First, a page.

Nikon Ambassador Amy Shore’s top tips for car photography

1. If you love cars, harden your heart. I couldn't count the number of bad images I've seen where the photographer was so interested in the car for itself that they didn't really consider the photograph they were about to take. One of the reasons I think I've done well with car photography is that I wasn't into cars when I started; I was simply attempting to highlight their best features. So try to see the car as an object, not a love object.


2. Move. Don't use a superzoom to capture intimate, exciting moments from afar. Get a wider lens and dive in so the viewer feels like they are right at the heart of the action. Keep longer lenses for moments where the viewer really does need to feel like an onlooker, or for picking out details such as wheel arches and rear quarters. Wider lenses should be avoided when shooting the entire car, however, as they will distort the body shape that a bunch of people have painstakingly designed every square inch of.


3. Shoot a variety of angles. Front, rear, front 3/4, rear 3/4, 7/8, profile, details, wider interiors, and anything specific about the car are usual 'must haves' of car shoots.




4. The whole car doesn't have to be in focus. I love shooting at f/1.4 because that's what our eyes do – we focus on a point and the rest is lost. Sometimes shooting at f/8 has its place, but it depends on what you're trying to achieve from the look.



5. Give yourself space – cropping too closely, like clipping off the back of the car from the frame, can ruin a great shot. Either crop more to make it deliberate or pull right back and give yourself space, sky, a background to the subject.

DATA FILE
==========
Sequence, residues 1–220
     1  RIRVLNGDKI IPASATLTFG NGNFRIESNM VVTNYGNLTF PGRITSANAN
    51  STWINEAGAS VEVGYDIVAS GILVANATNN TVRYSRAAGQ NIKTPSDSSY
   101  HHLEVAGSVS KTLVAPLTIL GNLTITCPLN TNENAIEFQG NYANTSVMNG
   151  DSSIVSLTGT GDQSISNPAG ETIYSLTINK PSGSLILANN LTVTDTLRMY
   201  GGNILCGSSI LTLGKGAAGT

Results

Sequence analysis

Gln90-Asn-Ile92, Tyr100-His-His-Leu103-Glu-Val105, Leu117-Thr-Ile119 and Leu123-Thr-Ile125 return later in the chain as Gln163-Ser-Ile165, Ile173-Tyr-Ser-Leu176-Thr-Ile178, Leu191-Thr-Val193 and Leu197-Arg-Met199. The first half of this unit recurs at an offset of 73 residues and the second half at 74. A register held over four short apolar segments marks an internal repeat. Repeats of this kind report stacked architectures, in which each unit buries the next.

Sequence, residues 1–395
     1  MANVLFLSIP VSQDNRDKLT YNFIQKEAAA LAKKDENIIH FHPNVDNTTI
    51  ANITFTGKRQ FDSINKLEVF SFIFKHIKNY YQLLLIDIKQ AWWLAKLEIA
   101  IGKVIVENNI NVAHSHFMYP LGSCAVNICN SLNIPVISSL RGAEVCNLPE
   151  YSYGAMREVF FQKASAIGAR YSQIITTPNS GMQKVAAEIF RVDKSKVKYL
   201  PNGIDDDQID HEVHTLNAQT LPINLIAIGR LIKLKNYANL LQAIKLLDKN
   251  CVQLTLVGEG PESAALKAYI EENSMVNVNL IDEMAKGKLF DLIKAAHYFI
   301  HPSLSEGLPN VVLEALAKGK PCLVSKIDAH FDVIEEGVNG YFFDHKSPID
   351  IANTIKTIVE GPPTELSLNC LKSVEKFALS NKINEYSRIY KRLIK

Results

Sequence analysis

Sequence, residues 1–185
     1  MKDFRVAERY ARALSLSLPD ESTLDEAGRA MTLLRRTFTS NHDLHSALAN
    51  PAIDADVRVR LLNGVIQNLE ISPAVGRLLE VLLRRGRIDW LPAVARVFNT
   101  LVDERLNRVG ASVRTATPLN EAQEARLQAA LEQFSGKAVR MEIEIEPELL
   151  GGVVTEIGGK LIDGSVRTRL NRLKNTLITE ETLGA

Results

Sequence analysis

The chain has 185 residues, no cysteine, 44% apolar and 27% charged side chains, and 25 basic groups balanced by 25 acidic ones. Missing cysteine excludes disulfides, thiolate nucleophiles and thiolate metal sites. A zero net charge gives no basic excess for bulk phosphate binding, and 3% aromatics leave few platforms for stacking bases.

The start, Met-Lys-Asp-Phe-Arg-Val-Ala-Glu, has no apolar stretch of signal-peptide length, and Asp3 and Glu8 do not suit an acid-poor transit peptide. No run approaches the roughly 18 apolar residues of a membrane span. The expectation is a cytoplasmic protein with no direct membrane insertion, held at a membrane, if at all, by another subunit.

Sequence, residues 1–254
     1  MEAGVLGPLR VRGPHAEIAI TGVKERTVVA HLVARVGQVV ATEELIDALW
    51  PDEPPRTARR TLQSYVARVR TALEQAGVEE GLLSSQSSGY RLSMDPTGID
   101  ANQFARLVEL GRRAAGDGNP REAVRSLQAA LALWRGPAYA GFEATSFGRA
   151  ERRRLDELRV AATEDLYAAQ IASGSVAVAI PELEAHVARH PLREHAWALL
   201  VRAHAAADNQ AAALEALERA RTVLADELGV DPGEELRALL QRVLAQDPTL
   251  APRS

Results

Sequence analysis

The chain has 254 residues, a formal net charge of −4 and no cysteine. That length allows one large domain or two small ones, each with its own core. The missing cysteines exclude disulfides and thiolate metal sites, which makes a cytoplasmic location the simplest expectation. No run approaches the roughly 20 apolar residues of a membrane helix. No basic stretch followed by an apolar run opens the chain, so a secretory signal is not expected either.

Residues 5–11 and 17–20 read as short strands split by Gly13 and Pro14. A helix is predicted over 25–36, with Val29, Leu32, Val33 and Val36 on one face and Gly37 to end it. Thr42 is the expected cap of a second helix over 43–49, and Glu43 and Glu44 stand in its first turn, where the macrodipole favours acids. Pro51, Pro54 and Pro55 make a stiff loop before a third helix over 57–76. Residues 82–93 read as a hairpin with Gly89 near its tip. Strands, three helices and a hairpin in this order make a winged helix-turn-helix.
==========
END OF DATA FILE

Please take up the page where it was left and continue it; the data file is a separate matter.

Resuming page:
6. If you want to shoot a car really well, take it away from ugly ones. Shooting a car in a car park next to average cars will not make a good photo. Network at car meets, get to know the owners, and see if you can arrange to shoot their car away from the meet.



7. A polished car is effectively a giant mirror, so use a circular polarising filter to control reflections and glare in the bodywork and windscreen. It will also saturate colours for a more punchy result.



8. Light, colour, shapes – these are the elements you're trying to arrange in your picture. If it's a dull day, focus on colour and shapes. If you're lacking colour, focus on shapes and light.



9. Wonky horizons have their place, like banked tracks or dynamic slanted action shots to emphasise speed. But don't shoot them when the horizon should be flat, please. It just looks daft.




10. As with anything creative, these are only rough guides. All of the points could be countered with a number of beautiful and contradictory images, so don't get too hung up on "how it should be done". Take these tips as a starting point for experimenting and developing your eye.